Just believe in yourself and never give up on your dreams!
What if the people who fail also believed in themselves and never gave up, but were still unsuccessful? By ignoring the stories of all those thousands who try and fail we are missing what Lebanese scholar Nassim Nicholas Taleb calls 'silent evidence'. Unless journalists also interview the people who fail, and compare what they did with the successful people, we can't know if the pop stars' advice is actually any use at all.
Taleb's The Black Swan attacks the assumption that successful people are simply more talented than the unsuccessful:
Consider the thousands of writers now completely vanished from consciousness: their record did not enter analyses. We do not see the tons of rejected manuscripts because these have never been published, or the profile of actors who never won an audition - therefore cannot analyze their attributes. To understand successes, the study of traits in failure need to be present. For instance, some traits that seem to explain millionaires, like appetite for risk, only appear because one does not study bankruptcies. If one includes bankrupt people in the sample, then risk-taking would not appear to be a valid factor explaining success.
Curiously modern TV talent search shows like the X-Factor and Britain's Got Talent help to challenge this every time they deliberately present deluded, talentless dreamers babbling about their X-Factor before being crushed by Simon Cowell. It's an odd thing for shows that tend to manipulate emotion and emphasise feel-good messages about success to accidentally show the inevitability of failure for most competitors.
Hidden evidence can warp understanding of how to attain success in popular culture, but it also applies to politics.
Suppose the government announces a massive public works campaign to employ many thousands of people. Some will welcome this job creation since the visible evidence is clear: lots of new jobs. But there is silent evidence being neglected here: the source of the money to pay for these jobs, for example. In order to create these popular jobs the government needs to either increase taxes (and deprive others of their money) or sink further into debt. Taxing removes money from the economy. Employers who might have been thinking of expanding and creating more jobs decide they cannot now afford it. Workers who might have been thinking of buying new products now choose not to, pushing the manufacturers of those products into unemployment. In order to create jobs the government may need to destroy many more.
This is a common complaint of right-wing thinkers. The immediate effects of government intervention may often seem clear and positive, but there are hidden side-effects that are much more difficult to calculate.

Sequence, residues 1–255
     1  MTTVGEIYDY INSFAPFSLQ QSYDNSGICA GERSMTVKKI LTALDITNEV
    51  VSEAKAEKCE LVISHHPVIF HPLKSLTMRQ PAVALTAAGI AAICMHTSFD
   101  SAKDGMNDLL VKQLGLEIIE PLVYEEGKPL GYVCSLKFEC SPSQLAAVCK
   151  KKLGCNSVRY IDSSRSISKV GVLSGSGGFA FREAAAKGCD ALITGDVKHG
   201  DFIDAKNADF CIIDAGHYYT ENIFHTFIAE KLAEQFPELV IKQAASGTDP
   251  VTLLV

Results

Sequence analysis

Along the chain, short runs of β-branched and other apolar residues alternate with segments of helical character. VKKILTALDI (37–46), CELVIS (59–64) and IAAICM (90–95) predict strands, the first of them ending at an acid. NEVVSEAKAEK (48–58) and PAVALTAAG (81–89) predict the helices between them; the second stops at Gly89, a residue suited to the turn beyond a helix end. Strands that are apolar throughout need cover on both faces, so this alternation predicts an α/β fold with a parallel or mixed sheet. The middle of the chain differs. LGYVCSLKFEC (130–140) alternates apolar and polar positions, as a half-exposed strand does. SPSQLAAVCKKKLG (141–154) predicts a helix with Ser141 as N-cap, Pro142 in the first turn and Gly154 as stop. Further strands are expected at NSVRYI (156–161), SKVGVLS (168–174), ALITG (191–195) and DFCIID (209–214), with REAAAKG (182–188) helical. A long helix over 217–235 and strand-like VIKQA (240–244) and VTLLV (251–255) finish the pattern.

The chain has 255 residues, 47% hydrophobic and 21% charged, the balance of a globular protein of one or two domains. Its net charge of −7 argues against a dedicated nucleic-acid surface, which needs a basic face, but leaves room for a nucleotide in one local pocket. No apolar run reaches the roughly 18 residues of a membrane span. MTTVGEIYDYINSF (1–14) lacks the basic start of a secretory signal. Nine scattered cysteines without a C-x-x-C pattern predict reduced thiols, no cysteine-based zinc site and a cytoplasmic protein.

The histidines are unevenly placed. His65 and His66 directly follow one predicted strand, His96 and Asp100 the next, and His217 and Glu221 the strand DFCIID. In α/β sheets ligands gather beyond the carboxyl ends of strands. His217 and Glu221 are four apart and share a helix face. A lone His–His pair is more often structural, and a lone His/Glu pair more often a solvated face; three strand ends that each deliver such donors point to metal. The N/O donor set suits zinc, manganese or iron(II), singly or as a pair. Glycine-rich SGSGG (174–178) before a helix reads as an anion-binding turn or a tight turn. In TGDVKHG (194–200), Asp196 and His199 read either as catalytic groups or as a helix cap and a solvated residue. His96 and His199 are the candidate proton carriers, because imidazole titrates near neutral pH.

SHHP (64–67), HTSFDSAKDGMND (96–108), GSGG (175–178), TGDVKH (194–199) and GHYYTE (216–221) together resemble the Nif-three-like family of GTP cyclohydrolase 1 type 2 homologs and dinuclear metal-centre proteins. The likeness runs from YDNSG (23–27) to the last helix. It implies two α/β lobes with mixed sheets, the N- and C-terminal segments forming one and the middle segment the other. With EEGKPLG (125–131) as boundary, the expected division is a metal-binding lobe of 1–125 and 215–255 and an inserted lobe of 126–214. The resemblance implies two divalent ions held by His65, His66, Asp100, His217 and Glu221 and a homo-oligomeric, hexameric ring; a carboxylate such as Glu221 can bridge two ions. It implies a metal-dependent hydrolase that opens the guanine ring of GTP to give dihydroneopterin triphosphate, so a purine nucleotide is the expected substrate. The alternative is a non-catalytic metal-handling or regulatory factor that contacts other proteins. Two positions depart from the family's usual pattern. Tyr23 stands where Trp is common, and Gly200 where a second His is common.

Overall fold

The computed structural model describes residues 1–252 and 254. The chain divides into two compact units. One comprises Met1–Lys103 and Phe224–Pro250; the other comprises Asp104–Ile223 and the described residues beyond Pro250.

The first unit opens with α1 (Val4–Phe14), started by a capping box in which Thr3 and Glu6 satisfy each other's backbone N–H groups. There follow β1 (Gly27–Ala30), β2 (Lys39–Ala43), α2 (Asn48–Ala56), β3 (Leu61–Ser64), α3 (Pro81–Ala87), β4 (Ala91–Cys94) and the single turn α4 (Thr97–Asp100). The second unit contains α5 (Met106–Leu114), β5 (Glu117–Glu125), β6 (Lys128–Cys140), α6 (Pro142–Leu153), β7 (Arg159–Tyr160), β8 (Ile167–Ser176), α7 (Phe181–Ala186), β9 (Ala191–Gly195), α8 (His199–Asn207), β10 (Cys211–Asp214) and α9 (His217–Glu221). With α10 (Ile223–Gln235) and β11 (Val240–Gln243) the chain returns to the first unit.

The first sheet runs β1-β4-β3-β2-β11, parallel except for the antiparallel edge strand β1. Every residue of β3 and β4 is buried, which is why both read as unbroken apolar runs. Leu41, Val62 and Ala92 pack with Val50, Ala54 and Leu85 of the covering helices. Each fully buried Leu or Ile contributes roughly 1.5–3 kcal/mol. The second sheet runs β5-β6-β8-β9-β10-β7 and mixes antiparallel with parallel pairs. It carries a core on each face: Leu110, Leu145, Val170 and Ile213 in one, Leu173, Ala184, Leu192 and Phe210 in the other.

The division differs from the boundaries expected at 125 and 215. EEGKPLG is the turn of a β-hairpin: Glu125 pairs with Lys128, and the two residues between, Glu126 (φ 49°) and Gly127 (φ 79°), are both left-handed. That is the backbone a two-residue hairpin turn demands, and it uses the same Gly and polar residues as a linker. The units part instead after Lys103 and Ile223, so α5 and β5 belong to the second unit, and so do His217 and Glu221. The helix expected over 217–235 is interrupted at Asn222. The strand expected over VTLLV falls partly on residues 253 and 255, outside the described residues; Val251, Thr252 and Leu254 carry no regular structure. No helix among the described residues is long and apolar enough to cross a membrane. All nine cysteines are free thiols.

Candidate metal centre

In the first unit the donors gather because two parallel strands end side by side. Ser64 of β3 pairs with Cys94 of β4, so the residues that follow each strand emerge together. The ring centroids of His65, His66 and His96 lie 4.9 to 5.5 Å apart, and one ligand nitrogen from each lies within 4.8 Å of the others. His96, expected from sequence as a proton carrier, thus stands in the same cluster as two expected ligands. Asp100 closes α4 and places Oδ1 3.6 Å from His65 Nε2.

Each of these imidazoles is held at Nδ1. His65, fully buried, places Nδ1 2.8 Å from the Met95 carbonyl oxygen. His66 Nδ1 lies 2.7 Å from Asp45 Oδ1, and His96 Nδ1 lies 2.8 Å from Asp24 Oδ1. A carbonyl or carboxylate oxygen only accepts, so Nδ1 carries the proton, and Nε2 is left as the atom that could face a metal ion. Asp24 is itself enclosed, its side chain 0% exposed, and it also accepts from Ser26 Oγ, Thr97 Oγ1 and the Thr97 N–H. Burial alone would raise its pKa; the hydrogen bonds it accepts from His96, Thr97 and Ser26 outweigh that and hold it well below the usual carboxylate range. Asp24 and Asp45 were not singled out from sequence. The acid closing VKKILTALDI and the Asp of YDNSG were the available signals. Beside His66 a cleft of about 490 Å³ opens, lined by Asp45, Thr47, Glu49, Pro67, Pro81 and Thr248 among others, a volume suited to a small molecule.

For example the Spanish government has heavily subsidised alternative energy projects like wind and solar power. The visible benefits are quite clear: greater energy independence, fewer polluting fossil fuel plants and so on. But "the policy has contributed to an €18bn ($23bn, £15bn) accumulated deficit that hangs over the electricity sector", and this defict needs to be paid either by increased taxes, budget cuts elsewhere or debt. By subsidising alternative energy the Spanish state creates economic inhibitors in the form of higher taxation, which might actually slow the development of new energy technologies.
Or it might not. The point is that a simple-sounding government policy can have incredibly complex side-effects not readily understandable. Too often journalists here in Ireland neglect the silent evidence of these side-effects (perhaps because they are not clear) and emphasise only the direct and clear benefits.
In political terms this can be manipulated by the use of emotive questions that focus on the direct results of government intervention but ignore the hidden side-effects. Questions like "Do you think the government should do more to prevent suicide" tend to get answers in the positive, because most people want less suicide, and this could be interpreted as support for more aggressive state intervention.
A practical example of this bias in questioning is The Political Compass, an online political quiz that places respondents on a left/right, libertarian/authoritarian graph. The first proposition reads: "If economic globalisation is inevitable, it should primarily serve humanity rather than the interests of trans-national corporations."
Many people will say that yes, globalisation should serve humanity, not faceless corporations, and this places them to the economic left of the graph. But the proposition is an odd one. A more accurate one would be: "Government regulation and intervention in global economies is necessary to make globalisation serve humanity instead of trans-national corporations." This is a more explicit left-wing proposition, showing that the respondent is not just limiting trans-national companies, but empowering state control.
In college I found left-liberals who were highly sceptical of government, particularly in governmental regulation of drug use or sexual activitiy. They were also highly sceptical of big businesses, seeming to believe that government and capitalism worked together against the ordinary people. Yet these same left-liberals wanted to give the government more power, not less, and shift control of the economy from private businesses to the people, via a political elite. They saw the benefits of weakening big business, but not the negative side effects of strengthening a government they didn't trust.